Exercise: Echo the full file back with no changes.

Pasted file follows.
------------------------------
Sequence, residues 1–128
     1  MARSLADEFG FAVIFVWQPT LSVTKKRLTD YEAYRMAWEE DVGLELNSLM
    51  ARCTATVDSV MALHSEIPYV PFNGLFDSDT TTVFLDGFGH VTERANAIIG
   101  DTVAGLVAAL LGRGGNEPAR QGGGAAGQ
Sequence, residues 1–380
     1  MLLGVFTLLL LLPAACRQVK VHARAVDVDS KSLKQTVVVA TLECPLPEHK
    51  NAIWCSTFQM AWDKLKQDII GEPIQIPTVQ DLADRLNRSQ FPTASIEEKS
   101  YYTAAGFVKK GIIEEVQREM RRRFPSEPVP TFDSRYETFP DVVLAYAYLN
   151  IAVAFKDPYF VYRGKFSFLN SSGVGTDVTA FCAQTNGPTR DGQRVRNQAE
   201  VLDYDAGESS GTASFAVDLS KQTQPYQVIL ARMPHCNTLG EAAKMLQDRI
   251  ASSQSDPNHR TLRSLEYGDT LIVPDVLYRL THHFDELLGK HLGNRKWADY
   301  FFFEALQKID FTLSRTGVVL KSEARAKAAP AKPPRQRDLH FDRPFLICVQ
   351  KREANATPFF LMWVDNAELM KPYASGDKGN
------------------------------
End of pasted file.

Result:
Sequence, residues 1–128
     1  MARSLADEFG FAVIFVWQPT LSVTKKRLTD YEAYRMAWEE DVGLELNSLM
    51  ARCTATVDSV MALHSEIPYV PFNGLFDSDT TTVFLDGFGH VTERANAIIG
   101  DTVAGLVAAL LGRGGNEPAR QGGGAAGQ
Sequence, residues 1–380
     1  MLLGVFTLLL LLPAACRQVK VHARAVDVDS KSLKQTVVVA TLECPLPEHK
    51  NAIWCSTFQM AWDKLKQDII GEPIQIPTVQ DLADRLNRSQ FPTASIEEKS
   101  YYTAAGFVKK GIIEEVQREM RRRFPSEPVP TFDSRYETFP DVVLAYAYLN
   151  IAVAFKDPYF VYRGKFSFLN SSGVGTDVTA FCAQTNGPTR DGQRVRNQAE
   201  VLDYDAGESS GTASFAVDLS KQTQPYQVIL ARMPHCNTLG EAAKMLQDRI
   251  ASSQSDPNHR TLRSLEYGDT LIVPDVLYRL THHFDELLGK HLGNRKWADY
   301  FFFEALQKID FTLSRTGVVL KSEARAKAAP AKPPRQRDLH FDRPFLICVQ
   351  KREANATPFF LMWVDNAELM KPYASGDKGN